Secretions on your phone reveal your secrets
Chemistry laughs at your strong passwords
Mobile phones may reveal as much about their owners as the data inside them, a finding that complicates device privacy issues.
In a paper [PDF] published in the Proceedings of the National Academy of Sciences, researchers found that by sampling chemicals deposited on mobile phones through regular usage, they could learn about the device owner's health and habits.
The filth on mobile devices has received considerable attention over the years, giving rise to reports that toilet seats are cleaner than iPads and spawning an industry of touchscreen-disinfection products.
A 2013 report published in the Journal of Medical Internet Research says that "there are several reports showing that [mobile] devices may then serve as vectors for transmission of pathogens to patients." It cites recent studies indicating that between 44 per cent and 95 per cent of mobile communication devices are contaminated with pathogenic bacteria.
But beyond DNA, fingerprints, and bacteria, mobile device users deposit a wide variety of chemicals that have potential forensic value.
"Using a chemical composite recovered from a swab of a phone, as a representative personal belonging, we can provide insights into personal lifestyle profile by predicting the kind of beauty product the individual uses, the food he/she eats, the medications he/she takes, or the places he/she has been," the paper says.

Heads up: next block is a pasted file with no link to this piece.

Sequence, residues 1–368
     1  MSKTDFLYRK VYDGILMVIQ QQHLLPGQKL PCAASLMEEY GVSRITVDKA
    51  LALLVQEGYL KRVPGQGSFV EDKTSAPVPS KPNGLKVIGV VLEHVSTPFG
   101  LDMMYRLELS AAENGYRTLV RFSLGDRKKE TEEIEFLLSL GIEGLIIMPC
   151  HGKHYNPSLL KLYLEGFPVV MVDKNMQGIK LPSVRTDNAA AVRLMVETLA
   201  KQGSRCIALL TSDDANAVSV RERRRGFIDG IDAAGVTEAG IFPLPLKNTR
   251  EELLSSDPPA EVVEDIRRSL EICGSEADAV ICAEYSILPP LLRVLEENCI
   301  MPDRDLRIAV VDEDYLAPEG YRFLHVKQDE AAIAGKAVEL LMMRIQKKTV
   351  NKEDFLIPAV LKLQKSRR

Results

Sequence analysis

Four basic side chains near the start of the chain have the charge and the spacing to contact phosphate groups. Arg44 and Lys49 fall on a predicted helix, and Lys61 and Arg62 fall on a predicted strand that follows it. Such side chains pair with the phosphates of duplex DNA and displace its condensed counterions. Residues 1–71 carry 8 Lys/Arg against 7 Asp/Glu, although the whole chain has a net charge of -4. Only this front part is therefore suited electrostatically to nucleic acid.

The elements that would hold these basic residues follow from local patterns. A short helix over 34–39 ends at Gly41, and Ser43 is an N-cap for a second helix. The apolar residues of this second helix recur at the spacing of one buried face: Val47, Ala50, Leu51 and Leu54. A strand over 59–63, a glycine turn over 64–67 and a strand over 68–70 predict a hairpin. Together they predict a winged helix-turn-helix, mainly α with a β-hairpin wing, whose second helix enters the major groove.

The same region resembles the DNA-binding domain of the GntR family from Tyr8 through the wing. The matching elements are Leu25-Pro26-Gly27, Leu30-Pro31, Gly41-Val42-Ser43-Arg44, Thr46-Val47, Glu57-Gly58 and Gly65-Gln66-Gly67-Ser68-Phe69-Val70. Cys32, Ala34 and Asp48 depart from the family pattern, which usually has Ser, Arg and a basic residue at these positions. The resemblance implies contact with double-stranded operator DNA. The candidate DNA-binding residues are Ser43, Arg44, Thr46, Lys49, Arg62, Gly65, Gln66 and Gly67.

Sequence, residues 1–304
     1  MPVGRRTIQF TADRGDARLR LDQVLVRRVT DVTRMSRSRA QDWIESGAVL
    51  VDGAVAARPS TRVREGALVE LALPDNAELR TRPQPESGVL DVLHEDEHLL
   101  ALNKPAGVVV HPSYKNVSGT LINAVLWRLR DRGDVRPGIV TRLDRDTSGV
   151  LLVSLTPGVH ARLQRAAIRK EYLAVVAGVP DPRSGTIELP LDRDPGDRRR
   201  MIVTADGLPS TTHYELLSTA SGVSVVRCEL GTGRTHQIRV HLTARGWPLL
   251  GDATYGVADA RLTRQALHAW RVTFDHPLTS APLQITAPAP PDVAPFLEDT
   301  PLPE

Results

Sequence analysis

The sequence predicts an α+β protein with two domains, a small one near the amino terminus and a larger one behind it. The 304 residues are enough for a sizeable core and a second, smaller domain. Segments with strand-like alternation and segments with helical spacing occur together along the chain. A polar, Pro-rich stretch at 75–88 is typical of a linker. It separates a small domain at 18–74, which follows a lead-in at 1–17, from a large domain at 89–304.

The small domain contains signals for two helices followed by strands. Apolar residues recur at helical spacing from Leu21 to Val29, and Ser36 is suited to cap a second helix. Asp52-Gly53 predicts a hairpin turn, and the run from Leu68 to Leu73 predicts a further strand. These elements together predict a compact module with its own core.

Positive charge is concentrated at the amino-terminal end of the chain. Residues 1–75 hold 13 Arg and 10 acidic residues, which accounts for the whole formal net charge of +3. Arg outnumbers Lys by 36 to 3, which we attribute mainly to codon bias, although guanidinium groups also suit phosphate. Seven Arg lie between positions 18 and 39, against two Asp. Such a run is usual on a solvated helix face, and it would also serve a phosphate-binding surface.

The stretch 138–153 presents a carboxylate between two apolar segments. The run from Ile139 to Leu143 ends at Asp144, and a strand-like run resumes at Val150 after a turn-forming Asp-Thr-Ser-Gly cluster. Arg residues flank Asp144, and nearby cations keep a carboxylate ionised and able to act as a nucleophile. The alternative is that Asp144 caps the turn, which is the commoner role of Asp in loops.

With the help of mass spectrometry, the researchers were able to identify chemicals associated with skin inflammation medication, soap, cosmetics, hair loss medication, antifungal medication, antidepressant medication, sunscreen, coffee or tea consumption, and mosquito repellents.
The technique "is not limited to phones – it can be used with other objects such as keys, wallets, and computers," said Pieter Dorrestein, UC San Diego professor and coauthor of the paper, in an email to The Register. With regard to clothing, he said, further research needs to be done.
The researchers used mobile phones because people spend a lot of time with them and handle the devices frequently, ensuring many opportunities to transfer skin molecules through contact.
The report authors argue that mass-spectral analysis of touched objects has the potential to complement traditional approaches to forensic science like fingerprint analysis. But in order for the technique to become broadly useful, someone needs to start tracking molecular lifestyle signatures in a database.
"Such a database would not only benefit forensics (tracking a subject) or a terrorist tracing (useful for the military), but [would] also be useful for toxicology, as it would be a noninvasive way to measure environmental exposures, such as exposure to plasticizers and other pollutants," the paper says.
If only someone in a position of authority took an interest in keeping track of that sort of thing. ®
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